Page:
CB: Trans Provence was one of the best things I have done on my bike. I needed to throw myself into the deep end of an adventure. I craved doing something on my own that would challenge everything about me physically and mentally. I had never done a race like it before. I had done some enduro racing but quite minimal, really. I am actually quite happy with how I managed. These adventure races are crazy and super tough and I learned a few things about myself. Mainly that the only times I was unhappy or frustrated(lost chain or getting lost during stages)was when I let my competitive ego get in the way. I believe that your ego can help you to accomplish great things but sometimes you just have to lock your ego in the cupboard. I am looking forward to doing a few more races of this nature.
JJ: How would you compare these races to downhill races? Which one do you prefer more?
CB: Adventure racing and DH racing are completely different concepts but equally as exciting to me. I am so glad that I can enjoy both. Although I still enjoy racing DH, I am not so serious about it anymore. I mostly do it to get amongst it, have a good time and do my best. With DH racing, it is so exciting to go against the clock when it’s one track one chance. That alone, changes the dynamic both mentally and physically. But rather than just speeding down the same tracks on the DH race circuit, I am adding more adventure racing and soul trips to my schedule now as I really just love exploring new terrain and challenging myself with so many different elements, including weather, route finding and survival.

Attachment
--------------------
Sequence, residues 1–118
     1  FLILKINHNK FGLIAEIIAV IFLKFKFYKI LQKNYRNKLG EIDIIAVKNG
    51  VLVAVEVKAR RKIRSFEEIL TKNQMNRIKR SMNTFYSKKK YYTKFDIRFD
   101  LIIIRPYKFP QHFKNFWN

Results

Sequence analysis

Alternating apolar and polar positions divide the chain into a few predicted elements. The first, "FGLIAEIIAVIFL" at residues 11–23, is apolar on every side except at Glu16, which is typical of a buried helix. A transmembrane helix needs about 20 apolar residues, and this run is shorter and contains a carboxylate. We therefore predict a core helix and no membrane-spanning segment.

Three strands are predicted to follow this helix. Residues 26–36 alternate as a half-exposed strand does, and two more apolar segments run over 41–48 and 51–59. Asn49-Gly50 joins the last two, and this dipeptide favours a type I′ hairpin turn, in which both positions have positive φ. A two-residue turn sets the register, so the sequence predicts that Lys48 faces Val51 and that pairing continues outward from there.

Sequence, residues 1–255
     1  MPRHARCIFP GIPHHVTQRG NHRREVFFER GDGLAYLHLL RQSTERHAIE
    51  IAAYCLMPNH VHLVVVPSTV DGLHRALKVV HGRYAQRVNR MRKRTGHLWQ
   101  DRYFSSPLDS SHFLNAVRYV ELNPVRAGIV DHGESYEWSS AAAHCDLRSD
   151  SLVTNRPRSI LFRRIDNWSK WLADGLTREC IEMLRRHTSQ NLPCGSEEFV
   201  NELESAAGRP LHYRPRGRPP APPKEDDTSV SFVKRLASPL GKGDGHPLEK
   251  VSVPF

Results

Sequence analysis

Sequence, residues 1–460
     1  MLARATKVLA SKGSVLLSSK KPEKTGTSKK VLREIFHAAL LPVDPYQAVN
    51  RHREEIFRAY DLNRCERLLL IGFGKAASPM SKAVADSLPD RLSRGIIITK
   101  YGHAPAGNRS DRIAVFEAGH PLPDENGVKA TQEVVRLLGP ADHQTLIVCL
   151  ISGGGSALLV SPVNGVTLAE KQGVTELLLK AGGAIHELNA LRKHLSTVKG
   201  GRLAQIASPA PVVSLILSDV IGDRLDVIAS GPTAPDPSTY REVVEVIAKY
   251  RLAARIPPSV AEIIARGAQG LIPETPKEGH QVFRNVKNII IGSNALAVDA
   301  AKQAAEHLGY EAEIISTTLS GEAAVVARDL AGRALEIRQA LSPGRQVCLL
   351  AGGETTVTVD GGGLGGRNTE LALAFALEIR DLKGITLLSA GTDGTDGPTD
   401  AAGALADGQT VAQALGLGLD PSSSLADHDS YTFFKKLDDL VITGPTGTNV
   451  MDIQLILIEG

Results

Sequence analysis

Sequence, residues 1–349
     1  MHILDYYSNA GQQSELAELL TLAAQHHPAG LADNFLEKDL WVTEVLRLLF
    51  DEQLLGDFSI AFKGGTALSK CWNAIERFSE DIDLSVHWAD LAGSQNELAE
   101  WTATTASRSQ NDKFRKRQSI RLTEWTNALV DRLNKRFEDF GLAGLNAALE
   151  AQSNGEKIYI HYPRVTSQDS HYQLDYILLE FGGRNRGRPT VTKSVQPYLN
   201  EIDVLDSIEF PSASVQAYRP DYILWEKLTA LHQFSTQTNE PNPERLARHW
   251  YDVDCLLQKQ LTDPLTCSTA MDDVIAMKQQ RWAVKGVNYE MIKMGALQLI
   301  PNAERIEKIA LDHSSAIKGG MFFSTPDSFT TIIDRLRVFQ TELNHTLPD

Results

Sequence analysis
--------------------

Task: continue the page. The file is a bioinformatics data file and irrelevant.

JJ: You mentioned rider development team a few times. Could you tell us more about the team and the program?
CB: Together with Intense Cycles, Chris and I wanted to support some young up and coming racers in the sport by acting as mentors and coaches as well as being a resource for the many pieces of the puzzle when it comes to creating a career in the industry. We are still passionate about racing and it feels good to share some knowledge and continue our racing legacy even though we are not full time racers anymore. It is not a buy-in program, it is fully supported by Intense Cycles and our own time as well as by some other rad key brands: Fox Head, Chromag, Five Ten, Smith Optics, Scorpion Bike Stands and Evolution Whistler. The focus is on fun, growth and developing as athletes and good human beings. So for 2016, we have three young promising racers as well as an aspiring mountain bike film maker on our Rider Development Team, traveling to all the downhill BC Cups.
JJ: I’ve seen a new puppy around. Is it a new addition to the team?
CB: Laska is our new fur baby! Laska Moje! She is currently 1 year old, a pit bull/labrador cross and all of us can’t wait until she is old enough to hit the trails! And, of course, she is our new team mascot 🙂
Born and raised in Slovakia, Justa moved to British Columbia because of hockey. She discovered mountain biking when she photographed her first Crankworx. Today she loves to photograph the real life, life in motion. Her pictures and stories from her adventures can be seen in bike magazines around the world. Find out more at www.justajeskova.com.